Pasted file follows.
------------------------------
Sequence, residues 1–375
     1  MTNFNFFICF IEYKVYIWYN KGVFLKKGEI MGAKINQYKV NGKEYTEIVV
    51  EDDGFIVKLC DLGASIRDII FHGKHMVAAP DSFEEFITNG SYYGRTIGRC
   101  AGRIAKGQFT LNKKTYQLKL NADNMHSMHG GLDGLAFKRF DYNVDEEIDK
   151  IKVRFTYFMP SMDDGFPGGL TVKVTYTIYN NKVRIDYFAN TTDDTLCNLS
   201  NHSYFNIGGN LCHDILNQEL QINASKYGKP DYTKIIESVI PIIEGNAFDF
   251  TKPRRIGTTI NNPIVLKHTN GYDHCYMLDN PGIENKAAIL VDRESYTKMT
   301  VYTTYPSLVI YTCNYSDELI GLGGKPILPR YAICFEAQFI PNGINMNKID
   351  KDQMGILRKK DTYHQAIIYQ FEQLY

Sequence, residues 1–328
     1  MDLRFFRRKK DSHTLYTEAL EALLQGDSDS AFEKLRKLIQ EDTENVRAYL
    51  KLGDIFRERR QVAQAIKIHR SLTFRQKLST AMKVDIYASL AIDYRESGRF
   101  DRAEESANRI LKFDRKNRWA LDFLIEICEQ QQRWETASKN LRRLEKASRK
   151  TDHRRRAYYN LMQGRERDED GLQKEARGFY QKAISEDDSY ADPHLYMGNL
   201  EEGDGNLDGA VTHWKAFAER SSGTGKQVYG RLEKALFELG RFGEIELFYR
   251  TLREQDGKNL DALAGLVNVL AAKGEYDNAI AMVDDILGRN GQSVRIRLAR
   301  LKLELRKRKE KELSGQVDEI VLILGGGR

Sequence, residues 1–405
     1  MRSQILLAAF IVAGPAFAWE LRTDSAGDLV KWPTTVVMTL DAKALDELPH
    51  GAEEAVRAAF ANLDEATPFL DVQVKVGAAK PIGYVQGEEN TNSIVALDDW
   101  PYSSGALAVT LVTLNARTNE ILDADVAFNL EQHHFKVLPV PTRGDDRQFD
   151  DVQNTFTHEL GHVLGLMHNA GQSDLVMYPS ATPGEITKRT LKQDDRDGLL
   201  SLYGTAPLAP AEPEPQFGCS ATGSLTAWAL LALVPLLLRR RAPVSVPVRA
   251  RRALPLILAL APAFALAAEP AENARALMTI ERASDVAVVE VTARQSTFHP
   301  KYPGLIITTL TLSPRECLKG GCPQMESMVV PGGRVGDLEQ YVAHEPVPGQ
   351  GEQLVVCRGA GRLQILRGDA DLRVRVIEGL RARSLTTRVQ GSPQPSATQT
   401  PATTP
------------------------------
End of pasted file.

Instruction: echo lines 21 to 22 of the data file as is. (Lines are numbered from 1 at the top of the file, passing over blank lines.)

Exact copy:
   101  PYSSGALAVT LVTLNARTNE ILDADVAFNL EQHHFKVLPV PTRGDDRQFD
   151  DVQNTFTHEL GHVLGLMHNA GQSDLVMYPS ATPGEITKRT LKQDDRDGLL